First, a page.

I stepped from the ship only to be surrounded by insect-men who firmly led me into a great stone building and into a tiny room. So - they would throw me into a dungeon! I laughed, for I had read hundreds of stories about escapes from Mars, Ceres, Phobos, fire, and debts, and my experience as a safe-cracker stood me in good stead. Noticing some nitroglycerine in a cup on the table, I went to work. (Lucky, huh?) After getting everything all set to blow, I first exhausted every other possibility of escape before trying this last resort. No windows; walls four feet thick; no trapdoors in either ceiling or floor; no secret panels; no machine by which to rotate myself into the fourth, fifth, sixth, or blue dimensions; no machine enabling me to walk through walls; no contrivance to shrink me out of my difficulty; no apparatus to transport my component atoms elsewhere in the form of vibrations; no ability to yearn myself back to Earth. I turned to the door and lit a match for the fuse. Then a thought struck me - I tried the door. It opened. I left.

As I stepped out of the doorway, I instinctively struck out blindly in all directions at once to overcome the guards. Any stf. fan would have done the same. After ten minutes of furious struggling, I sank to the floor, exhausted; then I noticed that there had been no guards there at all. (What! No guards?) This made me mad, so I left the narrow corridor.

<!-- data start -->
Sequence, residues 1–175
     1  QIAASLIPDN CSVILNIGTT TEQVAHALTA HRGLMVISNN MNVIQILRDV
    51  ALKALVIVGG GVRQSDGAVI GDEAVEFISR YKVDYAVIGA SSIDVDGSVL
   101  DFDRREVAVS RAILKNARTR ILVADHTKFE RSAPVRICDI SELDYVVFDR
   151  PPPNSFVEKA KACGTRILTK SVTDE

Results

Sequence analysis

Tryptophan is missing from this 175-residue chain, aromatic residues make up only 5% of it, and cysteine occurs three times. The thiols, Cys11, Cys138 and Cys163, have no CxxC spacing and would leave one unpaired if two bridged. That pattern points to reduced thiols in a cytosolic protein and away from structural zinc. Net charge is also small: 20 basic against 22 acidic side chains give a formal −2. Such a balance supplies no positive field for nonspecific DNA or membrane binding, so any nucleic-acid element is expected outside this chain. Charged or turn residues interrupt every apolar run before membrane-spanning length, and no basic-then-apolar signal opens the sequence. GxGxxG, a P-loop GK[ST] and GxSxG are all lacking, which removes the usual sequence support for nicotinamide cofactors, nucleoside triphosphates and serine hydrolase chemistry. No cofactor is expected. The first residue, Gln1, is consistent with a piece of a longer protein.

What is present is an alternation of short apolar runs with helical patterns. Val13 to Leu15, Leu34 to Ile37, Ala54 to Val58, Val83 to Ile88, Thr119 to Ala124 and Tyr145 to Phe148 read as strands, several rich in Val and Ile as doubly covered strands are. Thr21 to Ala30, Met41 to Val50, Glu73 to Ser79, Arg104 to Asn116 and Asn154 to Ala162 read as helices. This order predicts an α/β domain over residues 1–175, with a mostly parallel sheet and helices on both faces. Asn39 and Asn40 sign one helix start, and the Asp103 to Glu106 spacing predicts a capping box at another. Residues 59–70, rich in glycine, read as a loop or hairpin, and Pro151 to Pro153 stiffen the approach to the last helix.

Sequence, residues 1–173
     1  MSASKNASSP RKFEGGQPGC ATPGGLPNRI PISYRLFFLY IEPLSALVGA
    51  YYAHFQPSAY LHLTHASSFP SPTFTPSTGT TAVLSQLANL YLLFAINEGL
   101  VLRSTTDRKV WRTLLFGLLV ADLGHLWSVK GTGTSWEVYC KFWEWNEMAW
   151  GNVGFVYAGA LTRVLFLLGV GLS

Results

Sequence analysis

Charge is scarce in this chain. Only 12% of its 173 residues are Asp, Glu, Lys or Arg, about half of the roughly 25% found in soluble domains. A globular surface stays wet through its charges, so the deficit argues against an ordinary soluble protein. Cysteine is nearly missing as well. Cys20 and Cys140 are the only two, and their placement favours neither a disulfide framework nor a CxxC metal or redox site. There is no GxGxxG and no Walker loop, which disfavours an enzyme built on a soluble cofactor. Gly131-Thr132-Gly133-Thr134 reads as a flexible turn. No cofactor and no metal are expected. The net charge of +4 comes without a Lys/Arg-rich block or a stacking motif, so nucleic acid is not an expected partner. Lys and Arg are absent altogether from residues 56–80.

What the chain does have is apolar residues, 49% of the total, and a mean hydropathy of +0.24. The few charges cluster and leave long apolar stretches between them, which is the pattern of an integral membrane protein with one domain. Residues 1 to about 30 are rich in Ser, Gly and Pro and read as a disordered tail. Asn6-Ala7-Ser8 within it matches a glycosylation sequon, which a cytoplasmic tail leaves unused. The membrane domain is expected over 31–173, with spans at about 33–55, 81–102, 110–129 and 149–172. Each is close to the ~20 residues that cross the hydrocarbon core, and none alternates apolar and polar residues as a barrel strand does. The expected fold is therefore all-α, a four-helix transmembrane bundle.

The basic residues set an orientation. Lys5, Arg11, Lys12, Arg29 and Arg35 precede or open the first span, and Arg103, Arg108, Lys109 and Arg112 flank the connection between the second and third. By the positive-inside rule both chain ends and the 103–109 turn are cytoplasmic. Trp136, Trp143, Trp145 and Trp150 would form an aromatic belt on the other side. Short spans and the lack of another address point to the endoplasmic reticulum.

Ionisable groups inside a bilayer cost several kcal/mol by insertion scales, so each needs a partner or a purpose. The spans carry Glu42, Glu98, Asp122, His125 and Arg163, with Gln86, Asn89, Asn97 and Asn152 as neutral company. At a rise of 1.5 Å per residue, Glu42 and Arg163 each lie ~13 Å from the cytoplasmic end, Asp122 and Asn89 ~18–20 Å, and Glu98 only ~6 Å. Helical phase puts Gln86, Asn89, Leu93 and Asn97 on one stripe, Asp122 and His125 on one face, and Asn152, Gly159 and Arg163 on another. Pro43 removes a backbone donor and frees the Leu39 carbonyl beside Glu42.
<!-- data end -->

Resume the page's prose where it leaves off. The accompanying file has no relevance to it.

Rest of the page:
I came out into a great hall, and an insect-man greeted me nervously. "Didn't you like the room?" he clacked. "We gave you the best in the hotel." My mind, already weakened by scientifictionitis, collapsed utterly, so I sent this message which will fall on the Gobi desert, thirteen miles, seventeen feet, and nine and one-half inches from any designated point. Nuts to thee...

So ended the tragic message in the second missile in that great heap of fused meteorites (actually hollow containers, etc.). We of the Ackerman-Darrow Scientifictionic Expedition hope to send you others of these amazing messages after translation by Pretcher Flatt and verification by Prof. Crackpot, Sfn. D.